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|Title:||Interpolyelectrolyte complexes of anionic water-soluble conjugated polymers and proteins as platforms for multicolor protein sensing and quantification|
|Source:||Yu, D., Zhang, Y., Liu, B. (2008-06-10). Interpolyelectrolyte complexes of anionic water-soluble conjugated polymers and proteins as platforms for multicolor protein sensing and quantification. Macromolecules 41 (11) : 4003-4011. ScholarBank@NUS Repository. https://doi.org/10.1021/ma800082k|
|Abstract:||A simple method for protein detection and quantification has been developed by taking advantage of the aggregation-induced fluorescence change of anionic water-soluble conjugated polymers. These polymers contain charged carboxylate groups and a π-electron delocalized optically active backbone composed of fluorene segments and 2,1,3-benzothiadiazole (BT) units. The polymers were synthesized through the Suzuki coupling between 2,7-[bis(4,4,5,5-tetramethyl-1, 3,2-dioxaborolan-2-yl)-9,9-bis(3-(tert-butyl propanoate))]fluorene, 2,7-dibromo-9,9-bis(3'-(tert-butylpropanoate))fluorene, and 4,7-dibromo-2,1,3- benzothiadiazole, which was followed by treatment in trifluoroacetic acid to afford the functional carboxylic acid groups. P1-BTx and P2-BT x refer to the neutral precursor polymers and the anionic water-soluble polymers, respectively. The subscript in P1-BT x and P2-BTx (x = 7.5, 15, 30) refers to the molar percentage of BT units in the polymer backbone, which is 7.5%, 15%, and 30%, respectively. Both the optical spectra and the light scattering studies show that the polymers are aggregated in water at low pH, and the aggregation decreases at high pH. Along with the aggregation and aggregation breakup processes, the polymer emission also changes from yellow to blue in solution. At pH > 9, where most carboxylic acid groups are deprotonated, intense blue fluorescence is observed for all three polymer solutions. Using P2-BT 30 as an example, addition of proteins to the polymer solution results in a change of emission color from blue to yellow, green, and dark for lysozyme, bovine serum albumin, and cytochrome c, respectively. The color change is due to efficient intramolecular/intermolecular energy transfer from the fluorene segments to the BT sites or electron transfer between the polymer and proteins upon complex formation. The variation in polymer emission color in the presence of different proteins is due to the difference in hydrophobic nature, net charge, and the structure among proteins. As demonstrated with P2-BT 30 and lysozyme, the protein-induced polymer emission change has also been used to quantify protein concentrations. © 2008 American Chemical Society.|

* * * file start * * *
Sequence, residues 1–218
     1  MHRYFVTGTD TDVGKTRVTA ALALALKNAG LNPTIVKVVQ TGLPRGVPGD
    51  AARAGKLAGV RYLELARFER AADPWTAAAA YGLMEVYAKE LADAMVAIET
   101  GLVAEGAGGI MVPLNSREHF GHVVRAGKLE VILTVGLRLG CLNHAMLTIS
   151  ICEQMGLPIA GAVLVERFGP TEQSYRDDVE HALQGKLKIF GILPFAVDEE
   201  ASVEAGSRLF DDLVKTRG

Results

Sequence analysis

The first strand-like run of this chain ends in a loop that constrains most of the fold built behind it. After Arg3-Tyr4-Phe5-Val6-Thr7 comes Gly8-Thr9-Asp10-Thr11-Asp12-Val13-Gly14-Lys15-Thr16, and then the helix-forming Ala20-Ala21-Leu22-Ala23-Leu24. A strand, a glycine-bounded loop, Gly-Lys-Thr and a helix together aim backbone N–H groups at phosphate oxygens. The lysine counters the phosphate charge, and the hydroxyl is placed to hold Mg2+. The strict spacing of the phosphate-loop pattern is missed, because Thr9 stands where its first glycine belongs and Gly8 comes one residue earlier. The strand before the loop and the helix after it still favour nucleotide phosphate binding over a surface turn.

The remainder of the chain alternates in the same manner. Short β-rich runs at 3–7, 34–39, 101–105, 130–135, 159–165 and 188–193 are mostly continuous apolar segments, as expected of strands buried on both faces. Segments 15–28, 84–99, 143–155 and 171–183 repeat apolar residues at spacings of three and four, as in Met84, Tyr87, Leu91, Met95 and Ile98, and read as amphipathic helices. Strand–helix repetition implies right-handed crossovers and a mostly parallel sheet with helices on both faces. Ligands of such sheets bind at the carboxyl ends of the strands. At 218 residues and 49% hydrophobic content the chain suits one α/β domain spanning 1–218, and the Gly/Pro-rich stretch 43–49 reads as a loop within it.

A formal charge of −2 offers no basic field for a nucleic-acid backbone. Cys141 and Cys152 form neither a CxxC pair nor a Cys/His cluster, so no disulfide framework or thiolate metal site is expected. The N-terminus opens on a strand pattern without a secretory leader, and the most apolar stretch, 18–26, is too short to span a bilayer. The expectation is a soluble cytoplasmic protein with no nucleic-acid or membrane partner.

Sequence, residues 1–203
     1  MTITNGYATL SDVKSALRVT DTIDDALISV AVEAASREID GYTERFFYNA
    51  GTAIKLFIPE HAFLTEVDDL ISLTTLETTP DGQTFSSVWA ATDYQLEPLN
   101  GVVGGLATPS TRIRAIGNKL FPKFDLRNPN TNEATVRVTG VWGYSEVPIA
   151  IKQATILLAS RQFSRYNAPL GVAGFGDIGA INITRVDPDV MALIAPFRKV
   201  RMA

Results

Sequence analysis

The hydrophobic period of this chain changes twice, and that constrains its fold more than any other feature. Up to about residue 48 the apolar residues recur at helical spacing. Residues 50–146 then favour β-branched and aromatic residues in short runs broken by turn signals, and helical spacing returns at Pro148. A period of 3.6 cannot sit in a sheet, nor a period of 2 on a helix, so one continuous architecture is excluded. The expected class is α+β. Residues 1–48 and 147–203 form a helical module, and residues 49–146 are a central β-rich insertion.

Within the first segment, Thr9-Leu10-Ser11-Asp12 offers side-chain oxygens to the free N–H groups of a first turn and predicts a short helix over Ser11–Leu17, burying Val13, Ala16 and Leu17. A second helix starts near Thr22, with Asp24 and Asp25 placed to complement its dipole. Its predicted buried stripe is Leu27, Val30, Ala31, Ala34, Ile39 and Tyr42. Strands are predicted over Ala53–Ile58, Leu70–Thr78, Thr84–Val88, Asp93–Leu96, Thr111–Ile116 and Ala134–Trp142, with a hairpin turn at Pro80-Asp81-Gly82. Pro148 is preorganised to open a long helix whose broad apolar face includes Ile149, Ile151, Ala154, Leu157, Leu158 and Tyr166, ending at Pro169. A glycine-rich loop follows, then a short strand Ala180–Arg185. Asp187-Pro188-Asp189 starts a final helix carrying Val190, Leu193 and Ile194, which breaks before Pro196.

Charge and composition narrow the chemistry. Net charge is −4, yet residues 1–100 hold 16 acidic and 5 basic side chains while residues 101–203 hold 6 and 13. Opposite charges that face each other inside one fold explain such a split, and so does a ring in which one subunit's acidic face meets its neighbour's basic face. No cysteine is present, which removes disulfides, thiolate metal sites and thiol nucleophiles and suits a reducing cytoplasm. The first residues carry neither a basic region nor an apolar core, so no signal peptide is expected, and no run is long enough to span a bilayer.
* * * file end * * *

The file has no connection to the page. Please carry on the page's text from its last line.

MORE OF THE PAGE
|Appears in Collections:||Staff Publications|
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